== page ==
# Land revenue granularity

When the domain is first secured, roll 3d3. The total rolled should be noted as the domain’s land revenue in gp per peasant family per month.

Does the above mean that you apply a single land revenue roll to an entire domain?

If so, what’s the logic behind it? It seems that using one roll for the domain (rather than a separate roll for each hex) means that you can clear three adjacent hexes and the resulting domain can have three completely different land revenue values depending on which hex you build your stronghold in, which doesn’t seem right to me. Just find the best hex in an area, build a stronghold there, and then expand without regard for whether you’re expanding into good or poor land, since they all inherit the value of your first hex.

If not, what’s the intended method for keeping track of how much of the domain’s population is in each hex and how much power does the domain’s ruler have for moving families from one hex to another? Are you allowed to just fill the best hex to capacity, then the next, and so on? If your starting hex is land revenue 7 and you later find a land revenue 9 hex, can you tell all your peasants to pack up and move there?

I usually roll land value per hex, but I could definitely see this becoming unviable for larger domains, at which point I’d probably just take an average of n 3d3 rolls (which will quickly tend toward the mean).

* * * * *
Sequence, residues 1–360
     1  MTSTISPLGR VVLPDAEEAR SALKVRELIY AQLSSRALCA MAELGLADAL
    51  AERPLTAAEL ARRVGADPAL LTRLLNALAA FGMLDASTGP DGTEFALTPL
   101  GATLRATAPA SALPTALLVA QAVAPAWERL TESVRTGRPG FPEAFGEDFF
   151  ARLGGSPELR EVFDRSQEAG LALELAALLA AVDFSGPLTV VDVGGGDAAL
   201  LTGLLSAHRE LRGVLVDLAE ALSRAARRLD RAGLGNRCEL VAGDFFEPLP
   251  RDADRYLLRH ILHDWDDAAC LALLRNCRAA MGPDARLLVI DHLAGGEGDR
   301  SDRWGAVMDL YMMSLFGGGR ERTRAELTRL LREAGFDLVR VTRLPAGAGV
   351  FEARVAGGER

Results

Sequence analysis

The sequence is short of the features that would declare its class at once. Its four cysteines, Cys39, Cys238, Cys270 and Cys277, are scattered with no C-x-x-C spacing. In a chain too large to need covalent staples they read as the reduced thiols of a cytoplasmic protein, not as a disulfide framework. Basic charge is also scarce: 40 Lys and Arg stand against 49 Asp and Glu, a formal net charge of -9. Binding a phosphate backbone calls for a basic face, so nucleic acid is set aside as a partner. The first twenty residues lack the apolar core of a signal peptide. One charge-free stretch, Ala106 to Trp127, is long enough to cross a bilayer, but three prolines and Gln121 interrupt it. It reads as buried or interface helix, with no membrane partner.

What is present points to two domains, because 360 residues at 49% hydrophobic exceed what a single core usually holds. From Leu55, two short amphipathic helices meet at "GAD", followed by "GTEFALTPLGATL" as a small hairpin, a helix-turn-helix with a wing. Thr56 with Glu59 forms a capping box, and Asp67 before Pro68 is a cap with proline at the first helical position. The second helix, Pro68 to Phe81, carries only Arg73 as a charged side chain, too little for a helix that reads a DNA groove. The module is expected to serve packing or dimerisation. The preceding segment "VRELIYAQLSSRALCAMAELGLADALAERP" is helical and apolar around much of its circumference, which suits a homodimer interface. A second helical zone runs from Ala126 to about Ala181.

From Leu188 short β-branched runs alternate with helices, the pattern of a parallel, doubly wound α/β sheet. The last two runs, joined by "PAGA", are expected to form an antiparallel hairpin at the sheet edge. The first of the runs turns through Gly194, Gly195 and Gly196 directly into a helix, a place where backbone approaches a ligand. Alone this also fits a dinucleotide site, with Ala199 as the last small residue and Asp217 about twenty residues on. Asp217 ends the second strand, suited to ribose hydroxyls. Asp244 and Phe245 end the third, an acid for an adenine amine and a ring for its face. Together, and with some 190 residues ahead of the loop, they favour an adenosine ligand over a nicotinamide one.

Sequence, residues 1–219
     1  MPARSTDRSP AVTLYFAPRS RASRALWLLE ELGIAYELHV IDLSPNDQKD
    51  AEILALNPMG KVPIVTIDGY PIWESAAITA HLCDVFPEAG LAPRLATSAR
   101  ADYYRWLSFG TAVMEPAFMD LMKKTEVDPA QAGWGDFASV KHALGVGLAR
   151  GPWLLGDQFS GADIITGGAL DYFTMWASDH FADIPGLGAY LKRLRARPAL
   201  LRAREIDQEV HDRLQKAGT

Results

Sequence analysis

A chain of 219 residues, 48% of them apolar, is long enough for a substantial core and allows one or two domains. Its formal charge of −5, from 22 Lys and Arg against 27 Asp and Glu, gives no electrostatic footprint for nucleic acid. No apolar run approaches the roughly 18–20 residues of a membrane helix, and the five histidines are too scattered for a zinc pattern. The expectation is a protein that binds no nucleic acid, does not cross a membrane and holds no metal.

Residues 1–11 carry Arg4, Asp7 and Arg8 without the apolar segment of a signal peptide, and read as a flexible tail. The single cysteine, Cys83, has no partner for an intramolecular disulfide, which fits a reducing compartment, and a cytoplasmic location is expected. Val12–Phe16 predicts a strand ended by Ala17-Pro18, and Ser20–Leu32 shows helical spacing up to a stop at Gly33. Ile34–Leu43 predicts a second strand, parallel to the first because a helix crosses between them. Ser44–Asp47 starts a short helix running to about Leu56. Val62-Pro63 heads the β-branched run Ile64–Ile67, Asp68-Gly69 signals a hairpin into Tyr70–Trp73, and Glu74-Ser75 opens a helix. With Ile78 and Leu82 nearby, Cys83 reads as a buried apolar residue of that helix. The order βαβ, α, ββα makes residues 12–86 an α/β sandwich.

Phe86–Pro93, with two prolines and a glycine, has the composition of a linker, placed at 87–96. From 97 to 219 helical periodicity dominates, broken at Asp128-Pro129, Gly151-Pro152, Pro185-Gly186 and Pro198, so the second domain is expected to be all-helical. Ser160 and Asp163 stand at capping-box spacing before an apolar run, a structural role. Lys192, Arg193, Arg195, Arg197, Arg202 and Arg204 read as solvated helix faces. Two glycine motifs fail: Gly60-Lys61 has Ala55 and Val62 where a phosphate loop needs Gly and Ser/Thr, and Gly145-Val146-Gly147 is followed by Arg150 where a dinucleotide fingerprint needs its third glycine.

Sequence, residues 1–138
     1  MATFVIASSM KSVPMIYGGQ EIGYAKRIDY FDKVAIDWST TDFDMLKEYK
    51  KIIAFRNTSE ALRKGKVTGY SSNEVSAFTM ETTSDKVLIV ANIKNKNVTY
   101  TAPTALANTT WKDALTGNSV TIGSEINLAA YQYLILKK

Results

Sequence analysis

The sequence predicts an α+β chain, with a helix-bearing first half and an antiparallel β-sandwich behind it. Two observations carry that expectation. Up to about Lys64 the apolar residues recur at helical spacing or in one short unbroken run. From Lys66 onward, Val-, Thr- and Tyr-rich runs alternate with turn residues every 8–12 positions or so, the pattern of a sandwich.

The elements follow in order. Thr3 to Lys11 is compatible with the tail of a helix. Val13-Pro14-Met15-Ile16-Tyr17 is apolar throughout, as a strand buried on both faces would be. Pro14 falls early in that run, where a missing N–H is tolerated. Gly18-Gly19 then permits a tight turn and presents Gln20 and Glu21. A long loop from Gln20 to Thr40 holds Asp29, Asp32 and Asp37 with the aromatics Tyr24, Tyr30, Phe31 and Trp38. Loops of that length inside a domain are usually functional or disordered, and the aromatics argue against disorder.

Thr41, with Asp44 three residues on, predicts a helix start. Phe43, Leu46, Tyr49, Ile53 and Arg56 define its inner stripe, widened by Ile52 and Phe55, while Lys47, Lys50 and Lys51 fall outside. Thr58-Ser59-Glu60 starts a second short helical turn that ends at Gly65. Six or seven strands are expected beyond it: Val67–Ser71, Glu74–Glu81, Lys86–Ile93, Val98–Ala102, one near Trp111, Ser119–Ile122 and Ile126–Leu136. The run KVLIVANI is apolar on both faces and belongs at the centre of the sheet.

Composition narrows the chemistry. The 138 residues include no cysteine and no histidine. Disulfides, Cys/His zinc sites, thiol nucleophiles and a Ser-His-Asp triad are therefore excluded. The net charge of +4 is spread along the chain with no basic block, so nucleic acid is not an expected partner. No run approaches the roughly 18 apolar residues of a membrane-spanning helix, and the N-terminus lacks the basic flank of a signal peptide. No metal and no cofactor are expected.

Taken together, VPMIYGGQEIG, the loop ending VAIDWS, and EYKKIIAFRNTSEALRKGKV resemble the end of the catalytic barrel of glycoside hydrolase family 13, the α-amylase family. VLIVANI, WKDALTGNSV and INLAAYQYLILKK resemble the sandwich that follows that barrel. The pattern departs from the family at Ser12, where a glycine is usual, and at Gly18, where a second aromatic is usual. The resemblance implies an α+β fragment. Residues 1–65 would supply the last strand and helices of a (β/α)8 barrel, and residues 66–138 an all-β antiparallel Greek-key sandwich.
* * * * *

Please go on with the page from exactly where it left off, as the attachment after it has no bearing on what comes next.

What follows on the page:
From what I recall reading in other threads on the topic (I am not an Autarch and this is not an official answer), the intent is that you roll land value when you don’t know what the land value is.

If, for example, the players scout one hex and get a 3, then go into an adjacent hex, it is perfectly normal and acceptable to declare that the land value of this adjacent hex is 1d4+2, or you could simply assign a number to it, or you could just use one of the many options to give it +/- 1 from the known value.

Similarly, if you’ve already decided that a particular hex is especially rich or barren, you can just slap a number on it.

Since close hexes will tend to have similar terrain types, they will tend to have similar land values, and so the land value applies to the whole domain. It’s a simplification, and if you want to, you can count per hex and track population per hex and so on and so forth but as you correctly point out, that’s a lot of work and I don’t think you get a whole lot of benefit out of it. I prefer simply adjusting land values such that you don’t get a totally random value for every different hex.